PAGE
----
You’ve been training the cows to come into the catch pen for the past couple of weeks. You got your help all lined up. You’ve got the vet scheduled for the exact time you wanted to work cows. Everything appears ready to go work your herd. But wait-have you taken time to give your facilities an inspection? This may not be the first thing you think about when planning fall herd work, but it may be the most critical and important thing you can do to ensure an efficient and safe working day for your cattle, your help and yourself.
Some recent statistics I came across during an Internet search I found striking. One in five hospitalized farm injuries are livestock related. Livestock related injuries trail only tractor and machinery incidents. As you are all aware, cows and bulls are big, strong, athletic animals that can hurt you even if they don’t mean to hurt you. Properly working facilities are important to working safely around cattle. Several things need to be considered when inspecting facilities prior to use. I would like to concentrate on what I believe to be the most critical areas.
When I examine a patient, many times I start with the head. So start with your chute and/or head gate when doing your facility exam. Make sure all moving parts are working. Anything that needs lubrication, apply what’s recommended. Some sliding parts of the head gate only need light lubrication like WD-40, whereas other parts have grease fittings for heavier lubrication. Are all nuts, keys, and pins tight and secure? A loose nut after a few cows hit the chute can come loose and cause all sorts of problems. Another point to check is the ropes that raise the back gate of the chute or the squeeze lever. Any frayed or worn ropes should be replaced.
Next, let’s move back to the “body” of your working facility, the alleys, tubs and pens. Again, keep the can of WD-40 and the grease gun handy for any moving parts and gates. If you have adjustable alleys, make sure to clean out the dried manure from last spring’s roundup so your adjusters work cleanly and smoothly. Cattle prefer less noise to more noise, so make sure tub gates are lubricated to get rid of those squeaky hinges. The same thing goes for the gate hinges in your sorting pens. Make sure your gate latches are in working order. For those of you who have wooden corrals and I know there a lot of them-I see them every day, check for loose or broken boards. Nothing ruins a work day like seeing a client’s 500 pound steer calf break a leg after getting hung up in a hole where an old board has broken.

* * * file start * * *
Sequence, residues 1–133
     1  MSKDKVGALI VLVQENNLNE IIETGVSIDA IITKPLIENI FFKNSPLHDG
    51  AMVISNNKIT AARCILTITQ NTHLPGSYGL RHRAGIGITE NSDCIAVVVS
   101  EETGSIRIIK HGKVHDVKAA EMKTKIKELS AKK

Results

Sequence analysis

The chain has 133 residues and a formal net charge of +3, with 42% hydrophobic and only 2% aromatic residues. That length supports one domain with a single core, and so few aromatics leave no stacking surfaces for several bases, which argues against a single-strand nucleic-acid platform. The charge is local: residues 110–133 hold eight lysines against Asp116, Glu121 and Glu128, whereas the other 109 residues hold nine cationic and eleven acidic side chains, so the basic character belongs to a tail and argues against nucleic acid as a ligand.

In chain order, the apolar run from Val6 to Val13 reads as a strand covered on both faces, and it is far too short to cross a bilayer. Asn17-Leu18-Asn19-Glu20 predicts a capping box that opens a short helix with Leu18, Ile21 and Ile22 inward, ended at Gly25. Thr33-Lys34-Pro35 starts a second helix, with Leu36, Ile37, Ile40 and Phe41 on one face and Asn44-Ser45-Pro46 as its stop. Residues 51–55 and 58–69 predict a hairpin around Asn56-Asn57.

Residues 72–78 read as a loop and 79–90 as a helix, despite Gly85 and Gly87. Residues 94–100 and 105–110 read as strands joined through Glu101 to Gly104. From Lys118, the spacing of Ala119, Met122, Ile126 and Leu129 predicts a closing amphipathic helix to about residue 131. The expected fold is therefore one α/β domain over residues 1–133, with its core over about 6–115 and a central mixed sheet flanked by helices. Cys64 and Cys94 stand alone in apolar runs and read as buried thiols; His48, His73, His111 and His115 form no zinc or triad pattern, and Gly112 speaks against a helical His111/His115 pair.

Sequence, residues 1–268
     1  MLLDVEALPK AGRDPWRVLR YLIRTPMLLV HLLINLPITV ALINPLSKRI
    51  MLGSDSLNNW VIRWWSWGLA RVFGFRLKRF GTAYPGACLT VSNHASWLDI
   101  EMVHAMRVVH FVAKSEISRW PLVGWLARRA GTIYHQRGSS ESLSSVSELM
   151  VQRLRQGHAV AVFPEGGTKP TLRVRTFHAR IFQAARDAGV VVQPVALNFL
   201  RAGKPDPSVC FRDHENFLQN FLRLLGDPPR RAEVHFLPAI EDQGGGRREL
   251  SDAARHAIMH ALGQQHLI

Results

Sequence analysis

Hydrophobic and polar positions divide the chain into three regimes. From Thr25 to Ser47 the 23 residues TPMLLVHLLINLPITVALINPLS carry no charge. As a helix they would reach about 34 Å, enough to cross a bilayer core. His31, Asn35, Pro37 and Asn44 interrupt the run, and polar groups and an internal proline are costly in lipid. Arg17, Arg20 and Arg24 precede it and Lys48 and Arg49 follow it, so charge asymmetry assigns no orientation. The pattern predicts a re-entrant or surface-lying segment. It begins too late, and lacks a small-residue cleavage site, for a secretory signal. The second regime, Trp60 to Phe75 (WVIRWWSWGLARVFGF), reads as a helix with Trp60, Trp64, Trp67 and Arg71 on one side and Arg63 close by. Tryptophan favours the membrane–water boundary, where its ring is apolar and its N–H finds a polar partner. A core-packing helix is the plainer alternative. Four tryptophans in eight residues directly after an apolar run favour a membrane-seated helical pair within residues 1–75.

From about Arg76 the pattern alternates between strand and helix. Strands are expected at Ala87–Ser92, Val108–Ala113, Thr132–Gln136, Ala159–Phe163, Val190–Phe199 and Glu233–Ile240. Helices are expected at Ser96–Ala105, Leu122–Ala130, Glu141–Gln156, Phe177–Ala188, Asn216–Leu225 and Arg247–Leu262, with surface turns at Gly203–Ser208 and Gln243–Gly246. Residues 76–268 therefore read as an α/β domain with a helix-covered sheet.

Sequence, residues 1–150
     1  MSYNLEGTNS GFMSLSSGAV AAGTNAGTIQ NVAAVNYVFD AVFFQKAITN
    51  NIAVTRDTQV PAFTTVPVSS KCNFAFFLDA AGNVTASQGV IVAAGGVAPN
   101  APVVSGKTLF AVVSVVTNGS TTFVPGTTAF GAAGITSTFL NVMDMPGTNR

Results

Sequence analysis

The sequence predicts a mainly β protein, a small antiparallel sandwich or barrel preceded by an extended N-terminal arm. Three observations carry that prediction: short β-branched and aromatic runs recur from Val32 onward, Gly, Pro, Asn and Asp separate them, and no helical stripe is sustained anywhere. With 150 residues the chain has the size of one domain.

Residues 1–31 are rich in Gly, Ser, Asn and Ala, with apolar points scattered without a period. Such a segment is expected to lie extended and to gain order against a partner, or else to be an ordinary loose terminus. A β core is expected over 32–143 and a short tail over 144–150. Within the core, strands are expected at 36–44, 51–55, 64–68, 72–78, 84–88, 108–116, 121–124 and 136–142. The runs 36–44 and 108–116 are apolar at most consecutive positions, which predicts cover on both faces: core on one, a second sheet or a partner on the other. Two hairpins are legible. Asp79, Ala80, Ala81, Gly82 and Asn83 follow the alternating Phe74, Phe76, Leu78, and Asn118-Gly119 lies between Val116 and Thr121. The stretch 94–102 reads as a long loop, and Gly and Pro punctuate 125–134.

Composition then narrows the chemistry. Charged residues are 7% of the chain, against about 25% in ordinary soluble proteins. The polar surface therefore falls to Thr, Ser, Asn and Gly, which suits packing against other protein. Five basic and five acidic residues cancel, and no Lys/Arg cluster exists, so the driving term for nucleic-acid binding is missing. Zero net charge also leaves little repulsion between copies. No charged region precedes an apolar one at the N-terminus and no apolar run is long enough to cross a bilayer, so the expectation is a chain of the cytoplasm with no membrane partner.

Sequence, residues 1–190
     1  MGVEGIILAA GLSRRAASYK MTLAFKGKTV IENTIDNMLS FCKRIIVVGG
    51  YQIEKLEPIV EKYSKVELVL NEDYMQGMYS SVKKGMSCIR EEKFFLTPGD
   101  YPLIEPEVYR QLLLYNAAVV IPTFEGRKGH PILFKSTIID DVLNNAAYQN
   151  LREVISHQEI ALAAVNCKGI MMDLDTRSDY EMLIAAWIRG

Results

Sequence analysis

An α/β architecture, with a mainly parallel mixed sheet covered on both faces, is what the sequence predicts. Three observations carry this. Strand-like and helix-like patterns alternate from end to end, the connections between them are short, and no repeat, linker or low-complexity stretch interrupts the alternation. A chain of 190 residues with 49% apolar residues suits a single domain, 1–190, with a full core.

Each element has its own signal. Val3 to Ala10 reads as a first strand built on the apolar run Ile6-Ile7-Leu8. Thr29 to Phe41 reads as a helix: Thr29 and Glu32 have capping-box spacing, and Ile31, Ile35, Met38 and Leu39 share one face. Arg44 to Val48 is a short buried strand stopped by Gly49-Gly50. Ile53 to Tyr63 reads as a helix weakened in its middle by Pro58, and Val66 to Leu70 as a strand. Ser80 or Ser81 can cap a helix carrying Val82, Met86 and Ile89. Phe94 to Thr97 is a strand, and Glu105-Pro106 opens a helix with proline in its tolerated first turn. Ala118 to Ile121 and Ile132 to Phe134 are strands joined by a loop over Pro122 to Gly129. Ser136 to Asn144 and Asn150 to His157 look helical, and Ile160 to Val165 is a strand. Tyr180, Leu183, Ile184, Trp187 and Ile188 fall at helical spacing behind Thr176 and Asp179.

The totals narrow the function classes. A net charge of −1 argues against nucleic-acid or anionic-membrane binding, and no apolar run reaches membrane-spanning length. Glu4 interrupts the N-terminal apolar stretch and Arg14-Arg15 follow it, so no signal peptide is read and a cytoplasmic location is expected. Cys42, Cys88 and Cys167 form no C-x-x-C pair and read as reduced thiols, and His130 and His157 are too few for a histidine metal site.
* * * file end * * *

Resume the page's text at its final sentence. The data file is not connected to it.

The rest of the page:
Now, after all this inspection, you may think you’re done and ready to go to work. But don’t forget the “tail end,” that is, the equipment you need to do the job. Do your cattle prods need new batteries? If you’re supplying dosing and injection syringes, confirm that they are clean and work smoothly. Another point you should consider is taking time to go over your facility and how it works with everyone who is helping work cattle with you. Know where the escape places are located. When a 1,500-pound cow is bearing down on you that is not the time to find out where the escape gate is located.
Taking time to visually inspect your handling facilities is valuable in many ways. It makes the day go faster and more smoothly. Cattle that are processed smoothly are less stressed and thus perform better. And most importantly, your cattle, your help (especially your vet), and you are less likely to be injured, requiring a more costly physical examination at the hospital.
Dr. Mike Bloss, DVM, owns and operates Countryside Animal Clinic with his wife, Kristin Bloss, DVM. The mixed animal practice is located in Aurora, Mo.